Teens in the Real World
  Food Allergies in the Real World  

Be sure to check out this video, "Eating Safely with Food Allergies," from Anaphylaxis Canada.

A Wise Approach

by Evan. Age 16. Allergic to peanuts, tree nuts, and soy.


I have been allergic to various foods since birth, and dealing with my allergies has just become part of my life. Experience, life’s best teacher, has trained me how to handle certain situations. Someone who has been recently diagnosed with an allergy isn’t blessed with this protective sixth sense, so they might find themselves in uncomfortable and possibly dangerous situations.

To anyone in this position, a newly discovered allergy can seem very daunting and dangerous, but there are several simple steps that I would recommend to make life with your allergies much easier. Learn as much as possible about your allergy, and then apply your knowledge to tutor everyone around you, further protecting yourself against ignorance, your most dangerous enemy.

While I was growing up, my parents handled a lot of the difficulties that come with having a life-threatening allergy, such as talking to chefs and waiters at restaurants, training my teachers in proper epinephrine autoinjector use, and studying the ingredient label for everything I ate. As I’ve grown older, I have taken these responsibilities upon myself, and now these tedious tasks are a necessary part of my life.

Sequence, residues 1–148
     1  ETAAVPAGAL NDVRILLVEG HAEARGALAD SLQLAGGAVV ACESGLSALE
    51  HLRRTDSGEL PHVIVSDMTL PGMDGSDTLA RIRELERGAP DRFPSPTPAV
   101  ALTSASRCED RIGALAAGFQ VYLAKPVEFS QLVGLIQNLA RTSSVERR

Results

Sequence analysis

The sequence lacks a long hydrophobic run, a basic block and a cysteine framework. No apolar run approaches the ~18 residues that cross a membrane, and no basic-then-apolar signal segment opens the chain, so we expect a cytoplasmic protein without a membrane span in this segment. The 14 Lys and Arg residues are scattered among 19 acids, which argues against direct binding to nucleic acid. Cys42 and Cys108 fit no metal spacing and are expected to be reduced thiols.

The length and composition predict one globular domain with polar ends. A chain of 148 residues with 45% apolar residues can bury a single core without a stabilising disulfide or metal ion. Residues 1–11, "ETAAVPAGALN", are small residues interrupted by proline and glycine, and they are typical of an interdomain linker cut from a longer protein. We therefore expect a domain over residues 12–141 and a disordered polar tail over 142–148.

While you must always be aware of the situation, you can ease your burden by teaching your friends to help you. All of my friends at my high school know of my allergy, and they are always careful with certain foods around me. Whether my friends are checking the ingredient label of foods or carrying my EpiPen in their purse, they are always helping me. If they did not know about my situation, then they would never be able to provide this support.

Living with a serious allergy is difficult, and a newly diagnosed allergy is even more so. You must not only learn to live with your allergy, but also educate others about it. To someone with a newly diagnosed allergy, I recommend discovering as much as possible about your allergy, and then applying that knowledge to make your life safer.


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